Sam Springer, the supply manager of the City of Springfield, has a hot political potato on his hands. The situation sort of reminds Sam of an experience he had when he tried out for his high school football team.

Sam was the fourth team left guard. One day in a practice scrimmage, Sam picked up a loose ball. Unfortunately, Sam didn’t know which way to run.

Last month, Sam had solicited bids for a highly automated garbage truck. Only three responsive bids had been received by the specified bid opening date. The prices, F.O.B. Springfield, were as follows:

  • Mangler Garbage Trucks $95,472
  • Springfield Sanitation Trucks, Inc. $99,712
  • Chattanooga Cruncher Company $110,000

Mangler Garbage Trucks was located in Warren, a city some 300 miles from Springfield. The second lowest bidder was Springfield Sanitation Trucks, Inc. SST, as the firm was known to most locals, was Springfield’s largest employer.

Sam checked with the chief of the Sanitation Department. The chief said that although he would like to see SST get the order, any of the three trucks would be fine with him. He felt that they were about equal in performance, quality, and maintenance cost.

When the contents of the bids were made public, SST’s president, Paul Percivel, contacted Sam’s boss, Tim Johansen, the city manager. Mr. Percivel acknowledged that his bid was higher than Mangler’s. He then pointed out that SST recently had to lay off workers due to slack orders. He concluded by saying, “Tom, you and I both know that unemployment is the number one problem in Springfield. How can we get manufacturers to locate here if we don’t show them that Springfield takes care of its own?” The city manager winced on this one. He currently was engaged in extended discussions with the vice president for logistics of one of the Fortune 500 companies. This firm had narrowed down its alternatives for a new 2,000-employee plant to Springfield and Warren.

After Mr. Percivel left, Mr. Johansen stopped by Sam’s office and discussed the situation. After hearing what the city manager had to say, Sam threw another coal on the fire by reporting on a discussion he had had with the sales manager of Mangler Garbage Trucks. The sales manager had opened the discussion by saying that he expected Springfield Sanitation Trucks to exert political pressure on Sam to buy its trucks. He continued by saying, “Not only will we save you nearly $5,000, but don’t forget that Mangler purchases $3 million to $4 million worth of components each year from Springfield manufacturers.”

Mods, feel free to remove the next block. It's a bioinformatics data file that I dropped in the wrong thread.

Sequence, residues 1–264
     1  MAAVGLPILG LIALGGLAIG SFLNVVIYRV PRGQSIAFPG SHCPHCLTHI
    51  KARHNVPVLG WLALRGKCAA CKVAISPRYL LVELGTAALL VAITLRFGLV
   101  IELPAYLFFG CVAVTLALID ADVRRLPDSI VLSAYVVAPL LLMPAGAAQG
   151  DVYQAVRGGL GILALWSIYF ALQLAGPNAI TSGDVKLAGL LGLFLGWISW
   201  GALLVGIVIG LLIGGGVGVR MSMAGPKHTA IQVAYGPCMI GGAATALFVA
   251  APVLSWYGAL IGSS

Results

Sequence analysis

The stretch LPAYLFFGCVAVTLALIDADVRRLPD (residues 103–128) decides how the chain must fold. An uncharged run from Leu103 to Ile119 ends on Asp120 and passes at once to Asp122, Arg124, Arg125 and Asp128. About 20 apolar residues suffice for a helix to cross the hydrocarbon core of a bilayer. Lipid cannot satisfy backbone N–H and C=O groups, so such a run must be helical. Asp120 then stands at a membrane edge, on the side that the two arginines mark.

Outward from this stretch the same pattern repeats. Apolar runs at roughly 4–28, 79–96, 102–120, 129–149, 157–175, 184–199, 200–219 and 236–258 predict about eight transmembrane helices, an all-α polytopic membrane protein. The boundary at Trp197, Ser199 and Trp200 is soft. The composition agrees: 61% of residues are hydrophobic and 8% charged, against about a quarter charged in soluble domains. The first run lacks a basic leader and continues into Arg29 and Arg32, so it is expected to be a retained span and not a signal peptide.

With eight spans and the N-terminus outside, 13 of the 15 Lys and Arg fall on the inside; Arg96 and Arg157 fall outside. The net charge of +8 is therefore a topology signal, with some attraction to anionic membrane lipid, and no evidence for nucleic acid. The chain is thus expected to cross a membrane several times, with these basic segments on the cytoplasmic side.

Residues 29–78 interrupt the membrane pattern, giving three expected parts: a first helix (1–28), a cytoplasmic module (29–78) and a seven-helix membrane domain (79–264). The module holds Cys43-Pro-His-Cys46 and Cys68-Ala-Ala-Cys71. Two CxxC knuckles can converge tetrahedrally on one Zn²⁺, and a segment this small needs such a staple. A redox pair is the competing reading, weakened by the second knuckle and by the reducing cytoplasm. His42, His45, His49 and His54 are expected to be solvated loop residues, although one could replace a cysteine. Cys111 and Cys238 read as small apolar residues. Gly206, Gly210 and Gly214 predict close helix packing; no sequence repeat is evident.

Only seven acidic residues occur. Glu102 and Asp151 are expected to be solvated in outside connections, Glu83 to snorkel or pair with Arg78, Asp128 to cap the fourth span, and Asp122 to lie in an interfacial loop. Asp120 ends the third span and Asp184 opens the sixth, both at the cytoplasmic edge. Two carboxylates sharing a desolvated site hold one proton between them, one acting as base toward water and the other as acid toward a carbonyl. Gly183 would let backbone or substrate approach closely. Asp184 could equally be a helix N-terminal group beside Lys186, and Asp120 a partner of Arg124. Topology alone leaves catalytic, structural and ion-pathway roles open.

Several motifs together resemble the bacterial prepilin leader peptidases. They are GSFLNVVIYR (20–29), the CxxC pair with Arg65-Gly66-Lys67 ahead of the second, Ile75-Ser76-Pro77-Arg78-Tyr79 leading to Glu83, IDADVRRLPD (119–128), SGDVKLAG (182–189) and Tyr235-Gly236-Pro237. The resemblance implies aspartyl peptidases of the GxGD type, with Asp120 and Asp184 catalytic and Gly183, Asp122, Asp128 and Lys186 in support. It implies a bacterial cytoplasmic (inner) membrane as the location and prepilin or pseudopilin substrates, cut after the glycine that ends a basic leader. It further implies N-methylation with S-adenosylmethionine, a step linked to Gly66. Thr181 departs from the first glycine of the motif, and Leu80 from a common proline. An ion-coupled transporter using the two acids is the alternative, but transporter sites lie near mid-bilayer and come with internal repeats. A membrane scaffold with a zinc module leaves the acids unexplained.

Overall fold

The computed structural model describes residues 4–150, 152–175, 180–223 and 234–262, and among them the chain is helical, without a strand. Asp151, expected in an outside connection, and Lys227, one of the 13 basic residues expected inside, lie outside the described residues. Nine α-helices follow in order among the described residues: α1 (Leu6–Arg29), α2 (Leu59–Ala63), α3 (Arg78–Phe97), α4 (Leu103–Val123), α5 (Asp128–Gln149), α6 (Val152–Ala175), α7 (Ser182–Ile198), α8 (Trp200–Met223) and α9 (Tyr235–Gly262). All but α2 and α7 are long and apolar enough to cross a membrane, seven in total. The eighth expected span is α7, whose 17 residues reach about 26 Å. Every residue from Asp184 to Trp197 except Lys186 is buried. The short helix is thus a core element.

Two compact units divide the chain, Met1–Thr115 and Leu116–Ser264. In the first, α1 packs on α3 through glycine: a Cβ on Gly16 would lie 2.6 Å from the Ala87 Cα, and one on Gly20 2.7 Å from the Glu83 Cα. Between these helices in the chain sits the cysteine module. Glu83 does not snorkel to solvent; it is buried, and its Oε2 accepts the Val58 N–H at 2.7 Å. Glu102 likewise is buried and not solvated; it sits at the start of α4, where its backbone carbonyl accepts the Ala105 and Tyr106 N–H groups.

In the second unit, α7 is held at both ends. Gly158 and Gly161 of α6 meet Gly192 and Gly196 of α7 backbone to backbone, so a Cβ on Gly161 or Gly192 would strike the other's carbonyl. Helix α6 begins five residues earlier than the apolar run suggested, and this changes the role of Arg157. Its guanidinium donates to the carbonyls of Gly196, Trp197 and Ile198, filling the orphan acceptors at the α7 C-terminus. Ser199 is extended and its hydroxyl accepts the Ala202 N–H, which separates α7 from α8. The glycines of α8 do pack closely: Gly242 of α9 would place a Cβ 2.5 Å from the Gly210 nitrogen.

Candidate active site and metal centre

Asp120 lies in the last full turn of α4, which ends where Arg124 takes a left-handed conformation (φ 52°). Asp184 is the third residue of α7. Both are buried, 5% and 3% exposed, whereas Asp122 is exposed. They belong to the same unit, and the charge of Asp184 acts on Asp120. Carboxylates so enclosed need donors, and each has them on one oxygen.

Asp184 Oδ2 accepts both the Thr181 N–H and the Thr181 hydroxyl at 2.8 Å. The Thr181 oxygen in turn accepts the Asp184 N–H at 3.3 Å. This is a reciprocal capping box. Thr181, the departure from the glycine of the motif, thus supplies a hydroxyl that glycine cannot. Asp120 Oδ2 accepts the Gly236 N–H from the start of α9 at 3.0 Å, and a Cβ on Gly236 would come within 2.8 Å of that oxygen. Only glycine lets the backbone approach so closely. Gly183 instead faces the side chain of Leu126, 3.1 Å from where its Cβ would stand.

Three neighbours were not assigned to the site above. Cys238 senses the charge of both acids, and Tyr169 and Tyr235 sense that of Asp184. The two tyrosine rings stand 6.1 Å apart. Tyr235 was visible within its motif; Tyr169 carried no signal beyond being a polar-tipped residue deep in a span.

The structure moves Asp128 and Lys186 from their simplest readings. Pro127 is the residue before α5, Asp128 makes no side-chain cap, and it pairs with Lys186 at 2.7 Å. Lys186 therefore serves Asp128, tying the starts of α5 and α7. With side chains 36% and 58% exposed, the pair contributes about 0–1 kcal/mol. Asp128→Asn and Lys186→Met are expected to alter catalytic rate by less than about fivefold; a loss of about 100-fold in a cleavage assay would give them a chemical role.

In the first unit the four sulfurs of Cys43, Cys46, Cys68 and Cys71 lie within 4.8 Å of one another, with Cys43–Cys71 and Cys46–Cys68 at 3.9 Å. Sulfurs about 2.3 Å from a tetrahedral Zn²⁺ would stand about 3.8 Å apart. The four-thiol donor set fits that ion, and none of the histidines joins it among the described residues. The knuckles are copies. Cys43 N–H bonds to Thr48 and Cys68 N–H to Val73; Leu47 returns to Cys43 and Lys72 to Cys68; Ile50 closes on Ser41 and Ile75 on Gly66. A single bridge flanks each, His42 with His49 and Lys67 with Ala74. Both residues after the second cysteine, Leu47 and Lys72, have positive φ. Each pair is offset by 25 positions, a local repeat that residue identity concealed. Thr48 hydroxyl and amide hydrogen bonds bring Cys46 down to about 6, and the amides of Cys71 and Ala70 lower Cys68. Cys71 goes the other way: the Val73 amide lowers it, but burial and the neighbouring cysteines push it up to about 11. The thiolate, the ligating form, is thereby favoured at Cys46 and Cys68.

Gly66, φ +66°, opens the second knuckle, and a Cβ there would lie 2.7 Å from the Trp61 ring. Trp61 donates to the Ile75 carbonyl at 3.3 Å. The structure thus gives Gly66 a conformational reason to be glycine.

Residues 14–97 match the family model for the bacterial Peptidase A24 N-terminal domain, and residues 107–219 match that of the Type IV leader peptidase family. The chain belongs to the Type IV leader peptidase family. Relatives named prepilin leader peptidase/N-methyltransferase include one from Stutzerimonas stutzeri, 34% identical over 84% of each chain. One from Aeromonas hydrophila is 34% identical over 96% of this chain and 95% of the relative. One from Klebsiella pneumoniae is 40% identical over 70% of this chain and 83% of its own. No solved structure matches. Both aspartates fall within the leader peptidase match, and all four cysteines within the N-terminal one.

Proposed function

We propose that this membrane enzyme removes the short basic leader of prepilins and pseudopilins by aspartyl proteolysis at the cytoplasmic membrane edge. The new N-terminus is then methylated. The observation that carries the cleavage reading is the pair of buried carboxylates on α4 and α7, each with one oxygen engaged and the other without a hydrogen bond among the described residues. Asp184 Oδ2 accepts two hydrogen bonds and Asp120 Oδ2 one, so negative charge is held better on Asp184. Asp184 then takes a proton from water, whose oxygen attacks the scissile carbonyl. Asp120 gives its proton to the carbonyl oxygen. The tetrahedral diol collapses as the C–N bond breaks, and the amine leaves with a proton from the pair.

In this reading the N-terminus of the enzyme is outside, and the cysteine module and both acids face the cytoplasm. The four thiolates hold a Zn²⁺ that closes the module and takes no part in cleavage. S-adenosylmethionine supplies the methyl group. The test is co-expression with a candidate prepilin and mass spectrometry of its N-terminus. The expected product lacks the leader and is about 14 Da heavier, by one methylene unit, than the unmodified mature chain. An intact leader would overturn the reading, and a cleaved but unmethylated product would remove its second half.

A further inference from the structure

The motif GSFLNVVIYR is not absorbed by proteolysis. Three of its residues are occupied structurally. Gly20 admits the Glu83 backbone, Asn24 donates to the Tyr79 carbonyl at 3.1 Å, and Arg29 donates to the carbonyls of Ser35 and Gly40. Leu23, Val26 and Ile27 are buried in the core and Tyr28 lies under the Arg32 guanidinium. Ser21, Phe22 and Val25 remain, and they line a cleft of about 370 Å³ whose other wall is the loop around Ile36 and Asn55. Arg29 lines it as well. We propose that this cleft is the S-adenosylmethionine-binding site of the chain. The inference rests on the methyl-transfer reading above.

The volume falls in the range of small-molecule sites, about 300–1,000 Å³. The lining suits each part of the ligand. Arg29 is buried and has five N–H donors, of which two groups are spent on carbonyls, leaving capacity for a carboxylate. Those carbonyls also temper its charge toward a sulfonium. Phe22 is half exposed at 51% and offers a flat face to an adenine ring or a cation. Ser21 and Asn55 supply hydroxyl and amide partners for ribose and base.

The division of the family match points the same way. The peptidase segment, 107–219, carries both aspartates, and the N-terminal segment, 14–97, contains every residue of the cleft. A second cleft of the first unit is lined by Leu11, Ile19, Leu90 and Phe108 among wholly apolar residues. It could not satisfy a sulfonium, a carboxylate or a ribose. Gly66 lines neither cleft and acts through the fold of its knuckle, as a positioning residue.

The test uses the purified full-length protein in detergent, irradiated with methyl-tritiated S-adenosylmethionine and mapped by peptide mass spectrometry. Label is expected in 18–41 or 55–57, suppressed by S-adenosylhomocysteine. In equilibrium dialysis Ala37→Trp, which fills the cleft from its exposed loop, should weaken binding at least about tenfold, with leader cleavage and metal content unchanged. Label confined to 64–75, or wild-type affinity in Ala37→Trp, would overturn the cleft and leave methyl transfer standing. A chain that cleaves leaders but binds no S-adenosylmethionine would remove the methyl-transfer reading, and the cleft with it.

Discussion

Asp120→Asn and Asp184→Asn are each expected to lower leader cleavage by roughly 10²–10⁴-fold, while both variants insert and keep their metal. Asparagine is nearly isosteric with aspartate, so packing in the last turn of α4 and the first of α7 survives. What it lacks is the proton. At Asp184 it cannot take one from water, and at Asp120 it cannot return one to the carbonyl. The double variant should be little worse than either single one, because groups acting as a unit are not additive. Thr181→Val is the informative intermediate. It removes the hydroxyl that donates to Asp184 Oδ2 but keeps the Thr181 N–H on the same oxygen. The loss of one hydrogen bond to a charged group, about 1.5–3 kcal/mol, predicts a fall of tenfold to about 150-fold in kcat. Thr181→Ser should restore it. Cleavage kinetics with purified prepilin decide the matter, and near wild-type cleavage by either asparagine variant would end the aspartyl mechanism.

That evening, Sam attended the monthly meeting of the Springfield Supply Management Association. He asked three of his dinner companions what they thought about the situation.

Wilbur Wilson, supply manager of Eagle Tool and Die, offered his advice. “I’d give the order to SST. You’ve got to do business with your friends here in Springfield. We have to keep Springfield dollars in Springfield. We’ve been operating this way at Eagle for years.”

On the other hand, Chuck Connors of Excalibur, Inc., insisted, “Sam, if you compromise now, you’ll start something you can’t stop. Every fly-by-night outfit in town will hound you for a piece of city business. I’d keep Springfield’s good name in mind. Suppliers tell me they think we’re an honest bunch. That’s why they always give us such good service and help so much on the standardization and value analysis committees.”

Roscoe Stevens of Needmore Corporation added this diplomatic note. “You can’t throw the bids out, Sam, but you’ve got to watch your step. The Taxpayers’ League will scream if you give the order to SST, because they were not the low bidder.”

  1. What factors should Sam consider in making a decision?
  2. What should that decision be?
  3. What should have been done to avoid some of the problems Sam faced?